Designed by Sotirios Papadopoulos the Full Moon is a beautifully designed credenza with an overlaid photo-realistic treatment of the moon that glows in the dark, an effect achieved by an eco-friendly luminous surface developed by Papadopoulos (the image above appears to be a rendering and may not be the actual piece). The furniture is available online through Generate LE. (via laughing squid)
These funky tree lights were designed by Judson Beaumont of Straight Line Designs, a furniture design firm out of Vancouver. Called Tree Rings the lights are made out of a beetle pine shell topped with mirrored Plexiglas that allows the embedded cool fluorescent light to shine through in the dark. I’m not sure of the practical application, but it appears the lights can be used as as small tables and bear enough weight to act as a stool. The pieces debuted last summer at Duthie Gallery. (via zymaze on fancy)
The Kai Table designed by Naoki Hirakoso and Takmitsu Kitahara contains a few surprises, being constructed almost entirely of secret compartments. From sliding drawers and hinged cupboards to a number of shifting panels, the entire piece is built like an elaborate wooden puzzle. (via architizer)
I’m loving these assorted projects by Paris-based designer Suzy Lelièvre who distorts and manipulates common objects into unexpected forms. If you like her work you might also enjoy Michael Beitz. (via fasels suppe)
The pencil bench was created by UK firm Boex for D&AD and consists of 1,600 individual pencils that can be removed for use if needed. Although this project was completed in 2007, I felt it deserved to be amongst Colossal’s growing collection of pencil-related posts. (via design milk)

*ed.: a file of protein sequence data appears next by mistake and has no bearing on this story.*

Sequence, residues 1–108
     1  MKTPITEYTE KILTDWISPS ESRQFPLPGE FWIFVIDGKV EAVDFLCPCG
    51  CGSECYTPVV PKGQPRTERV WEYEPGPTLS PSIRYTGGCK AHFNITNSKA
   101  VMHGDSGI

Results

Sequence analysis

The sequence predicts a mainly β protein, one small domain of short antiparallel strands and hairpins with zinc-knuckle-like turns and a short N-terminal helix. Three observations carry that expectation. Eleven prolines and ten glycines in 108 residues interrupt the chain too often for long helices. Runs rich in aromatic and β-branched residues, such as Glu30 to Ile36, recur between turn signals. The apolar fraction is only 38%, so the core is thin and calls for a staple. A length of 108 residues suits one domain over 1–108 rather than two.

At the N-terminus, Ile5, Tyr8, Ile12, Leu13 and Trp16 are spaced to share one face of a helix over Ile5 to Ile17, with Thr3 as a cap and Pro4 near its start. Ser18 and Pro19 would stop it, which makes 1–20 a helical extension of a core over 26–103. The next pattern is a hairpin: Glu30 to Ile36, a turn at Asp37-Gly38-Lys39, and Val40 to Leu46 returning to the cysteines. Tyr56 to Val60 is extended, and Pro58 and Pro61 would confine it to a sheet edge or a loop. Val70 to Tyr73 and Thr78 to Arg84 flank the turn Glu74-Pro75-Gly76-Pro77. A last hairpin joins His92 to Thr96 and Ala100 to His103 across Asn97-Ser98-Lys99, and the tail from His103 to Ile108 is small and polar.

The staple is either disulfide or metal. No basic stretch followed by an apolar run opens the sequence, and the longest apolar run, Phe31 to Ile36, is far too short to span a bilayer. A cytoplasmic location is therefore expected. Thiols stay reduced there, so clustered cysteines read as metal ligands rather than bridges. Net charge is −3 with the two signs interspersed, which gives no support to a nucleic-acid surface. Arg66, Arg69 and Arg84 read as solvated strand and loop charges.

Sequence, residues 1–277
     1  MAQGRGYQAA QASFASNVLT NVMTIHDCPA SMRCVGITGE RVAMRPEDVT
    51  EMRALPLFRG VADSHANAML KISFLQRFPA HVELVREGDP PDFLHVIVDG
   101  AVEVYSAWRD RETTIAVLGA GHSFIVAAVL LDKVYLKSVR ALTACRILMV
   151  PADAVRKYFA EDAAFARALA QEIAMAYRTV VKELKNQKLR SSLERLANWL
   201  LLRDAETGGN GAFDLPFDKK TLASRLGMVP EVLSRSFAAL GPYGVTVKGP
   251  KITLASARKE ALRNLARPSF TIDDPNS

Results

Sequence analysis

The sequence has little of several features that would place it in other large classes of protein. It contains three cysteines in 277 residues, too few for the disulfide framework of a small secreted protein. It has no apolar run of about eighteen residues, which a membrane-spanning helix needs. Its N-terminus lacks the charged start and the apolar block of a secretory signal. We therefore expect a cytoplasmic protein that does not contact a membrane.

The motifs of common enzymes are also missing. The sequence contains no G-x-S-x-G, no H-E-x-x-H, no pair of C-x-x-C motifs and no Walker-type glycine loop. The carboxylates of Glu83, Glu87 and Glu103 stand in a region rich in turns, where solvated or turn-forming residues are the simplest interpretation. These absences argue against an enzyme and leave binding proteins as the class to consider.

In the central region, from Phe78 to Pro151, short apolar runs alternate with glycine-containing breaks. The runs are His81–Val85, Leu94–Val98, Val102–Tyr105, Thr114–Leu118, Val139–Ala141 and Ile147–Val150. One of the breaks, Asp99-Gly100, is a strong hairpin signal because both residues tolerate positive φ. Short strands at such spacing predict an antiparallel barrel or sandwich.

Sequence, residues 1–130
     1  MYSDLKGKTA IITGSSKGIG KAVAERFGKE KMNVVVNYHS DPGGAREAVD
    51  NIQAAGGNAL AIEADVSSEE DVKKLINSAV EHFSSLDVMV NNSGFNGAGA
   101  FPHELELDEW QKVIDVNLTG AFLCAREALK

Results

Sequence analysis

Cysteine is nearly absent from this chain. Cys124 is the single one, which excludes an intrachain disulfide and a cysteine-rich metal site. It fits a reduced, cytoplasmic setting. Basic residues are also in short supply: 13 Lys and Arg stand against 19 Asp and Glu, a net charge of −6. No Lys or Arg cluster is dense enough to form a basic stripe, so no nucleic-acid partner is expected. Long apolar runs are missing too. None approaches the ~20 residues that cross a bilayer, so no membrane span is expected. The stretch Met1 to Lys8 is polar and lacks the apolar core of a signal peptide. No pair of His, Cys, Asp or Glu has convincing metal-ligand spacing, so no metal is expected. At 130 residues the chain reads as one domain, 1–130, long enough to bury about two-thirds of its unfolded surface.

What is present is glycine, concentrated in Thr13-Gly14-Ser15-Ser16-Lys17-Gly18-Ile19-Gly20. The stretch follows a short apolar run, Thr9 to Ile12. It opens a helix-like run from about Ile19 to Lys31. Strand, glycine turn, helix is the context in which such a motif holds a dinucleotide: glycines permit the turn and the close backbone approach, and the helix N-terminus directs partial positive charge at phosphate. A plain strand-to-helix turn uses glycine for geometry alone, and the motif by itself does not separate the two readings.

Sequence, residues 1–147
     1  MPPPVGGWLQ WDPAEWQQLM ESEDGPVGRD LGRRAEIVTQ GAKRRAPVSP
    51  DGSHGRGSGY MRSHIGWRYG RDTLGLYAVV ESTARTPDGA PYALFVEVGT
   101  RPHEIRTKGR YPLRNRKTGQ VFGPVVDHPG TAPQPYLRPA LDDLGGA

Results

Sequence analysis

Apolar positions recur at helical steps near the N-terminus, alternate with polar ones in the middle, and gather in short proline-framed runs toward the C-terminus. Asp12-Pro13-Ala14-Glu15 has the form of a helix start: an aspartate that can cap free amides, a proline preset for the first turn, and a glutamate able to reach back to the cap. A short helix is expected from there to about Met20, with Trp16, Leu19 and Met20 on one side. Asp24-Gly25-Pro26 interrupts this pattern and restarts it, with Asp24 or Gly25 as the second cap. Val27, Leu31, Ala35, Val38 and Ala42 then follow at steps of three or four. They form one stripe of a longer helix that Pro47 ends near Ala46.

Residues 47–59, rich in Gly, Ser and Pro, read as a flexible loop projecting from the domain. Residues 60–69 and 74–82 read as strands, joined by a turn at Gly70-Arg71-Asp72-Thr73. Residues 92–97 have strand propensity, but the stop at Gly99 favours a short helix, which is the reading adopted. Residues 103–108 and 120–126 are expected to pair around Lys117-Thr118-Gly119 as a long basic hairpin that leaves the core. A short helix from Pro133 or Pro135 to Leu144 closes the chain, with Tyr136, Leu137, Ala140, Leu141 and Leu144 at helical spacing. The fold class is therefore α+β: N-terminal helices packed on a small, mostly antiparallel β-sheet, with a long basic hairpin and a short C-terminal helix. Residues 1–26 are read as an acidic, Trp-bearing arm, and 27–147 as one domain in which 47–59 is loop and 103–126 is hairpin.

This intriguing seating system just appeared in the portfolio of London-based furniture designer Fabien Capello. The circular blue bench entitled Cloister is made from about a hundred repeating blue components that fit together to create a semi-private space for reading or meeting. At least that’s what it looks like. If I were to encounter this in a public space I would be inexplicably drawn to it … must… sit … here.
While in residence at the Bemis Center for Contemporary Arts in Omaha, artist Michael Beitz (previously) built this 10-foot-long outdoor picnic table that seemingly overflows its space on a gallery terrace and drips down a railing to a level below. The table was built from laminated poplar and marine epoxy and a video about its development and construction can be seen here. Special thanks to the Bemis Center for providing imagery for this post.